From the 20th century on, experimental artists of all kinds have been fascinated by the concept of randomness applied to art — it all started with Dadaism. In music, the element of chance was already present in Jazz before it officially appeared in the mid century “Aleatory Music” movement. The Beatles managed to recycle it in a very pop way, cutting and re-assembling a tape at random in the “Being For the Benefit of Mr Kite”’s fairground organ solo. Since then rock music has flirted and toyed with this idea innumerous times. Here are some of the most interesting products designed to create what music producers call “happy accidents”:
1. Oblique Strategies Cards: Brian Eno and Peter Schmidt in 1975 created a set of cards designed to break an inspirational deadlock. Each card features a sentence that can be applied to any creative process, like “Honour thy error as a hidden intention”, “Work at a different speed” and “What to increase? What to reduce?” The idea is to pick a card when a dilemma or inspirational lock occurs to overcome it.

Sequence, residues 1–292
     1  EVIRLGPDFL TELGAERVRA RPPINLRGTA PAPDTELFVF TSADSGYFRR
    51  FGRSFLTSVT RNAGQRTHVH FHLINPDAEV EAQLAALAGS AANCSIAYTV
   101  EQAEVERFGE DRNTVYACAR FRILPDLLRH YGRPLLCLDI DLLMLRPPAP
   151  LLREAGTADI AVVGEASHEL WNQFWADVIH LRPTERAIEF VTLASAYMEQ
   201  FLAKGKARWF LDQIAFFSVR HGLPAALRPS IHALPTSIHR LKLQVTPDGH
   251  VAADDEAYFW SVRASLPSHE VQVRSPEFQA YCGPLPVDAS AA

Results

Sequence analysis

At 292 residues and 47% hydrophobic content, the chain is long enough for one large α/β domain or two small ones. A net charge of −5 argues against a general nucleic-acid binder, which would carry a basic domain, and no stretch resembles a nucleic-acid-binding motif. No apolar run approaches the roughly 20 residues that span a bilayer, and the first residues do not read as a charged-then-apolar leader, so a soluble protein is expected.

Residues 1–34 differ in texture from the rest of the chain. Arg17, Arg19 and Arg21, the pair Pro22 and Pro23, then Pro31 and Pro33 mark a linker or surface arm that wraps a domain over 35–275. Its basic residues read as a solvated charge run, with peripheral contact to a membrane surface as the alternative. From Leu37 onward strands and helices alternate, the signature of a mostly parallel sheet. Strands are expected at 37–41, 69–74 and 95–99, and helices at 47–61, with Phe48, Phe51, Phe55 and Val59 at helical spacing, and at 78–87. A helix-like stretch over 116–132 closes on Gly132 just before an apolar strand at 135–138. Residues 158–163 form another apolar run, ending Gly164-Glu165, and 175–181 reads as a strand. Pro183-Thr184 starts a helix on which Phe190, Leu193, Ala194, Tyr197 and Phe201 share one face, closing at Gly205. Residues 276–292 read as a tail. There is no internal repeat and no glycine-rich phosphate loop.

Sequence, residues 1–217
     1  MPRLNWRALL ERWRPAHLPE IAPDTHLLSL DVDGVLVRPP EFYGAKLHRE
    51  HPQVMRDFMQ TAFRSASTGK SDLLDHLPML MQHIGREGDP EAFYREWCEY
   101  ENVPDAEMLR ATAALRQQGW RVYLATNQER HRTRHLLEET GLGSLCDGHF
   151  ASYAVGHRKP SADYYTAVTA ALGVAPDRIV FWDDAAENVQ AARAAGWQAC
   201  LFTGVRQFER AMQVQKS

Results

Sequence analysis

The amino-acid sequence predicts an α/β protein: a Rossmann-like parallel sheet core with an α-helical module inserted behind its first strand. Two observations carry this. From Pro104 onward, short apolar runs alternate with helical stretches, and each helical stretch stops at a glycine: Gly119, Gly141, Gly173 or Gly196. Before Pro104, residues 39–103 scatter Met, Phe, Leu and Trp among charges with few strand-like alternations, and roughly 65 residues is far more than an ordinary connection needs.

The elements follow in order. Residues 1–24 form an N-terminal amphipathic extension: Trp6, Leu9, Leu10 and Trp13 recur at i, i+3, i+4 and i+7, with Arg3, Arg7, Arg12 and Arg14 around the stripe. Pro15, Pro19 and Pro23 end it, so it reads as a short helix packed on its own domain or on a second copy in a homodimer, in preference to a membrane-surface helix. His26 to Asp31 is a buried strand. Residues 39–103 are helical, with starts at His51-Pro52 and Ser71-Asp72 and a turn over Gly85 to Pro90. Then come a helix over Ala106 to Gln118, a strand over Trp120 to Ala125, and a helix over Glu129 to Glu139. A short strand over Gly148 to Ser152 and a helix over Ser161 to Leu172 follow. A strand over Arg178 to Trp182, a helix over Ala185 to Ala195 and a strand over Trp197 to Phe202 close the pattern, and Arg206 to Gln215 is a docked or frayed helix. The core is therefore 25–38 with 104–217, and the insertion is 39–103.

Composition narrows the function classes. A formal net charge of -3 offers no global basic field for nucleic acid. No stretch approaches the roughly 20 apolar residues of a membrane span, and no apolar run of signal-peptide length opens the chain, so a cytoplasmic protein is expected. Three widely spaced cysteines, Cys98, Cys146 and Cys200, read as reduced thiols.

2. Korg’s Kaoss Pad: Kaos is the greek root of the English word “Chaos”, and means formless and/or unpredictable. The Kaoss Pad is a sampler/ multi-effect engine that can be controlled through a touch screen featuring a x- and y- axis. More or less random movements of the hands on the screen create unexpected results.
3. Step Filter Plug Ins: These programmable effects allow you to slightly alter an existing melody by applying controlled or random filter sequences that can also generate resonance driven tones. There are several step filter plug ins available on the internet – and some of them are free. – PDG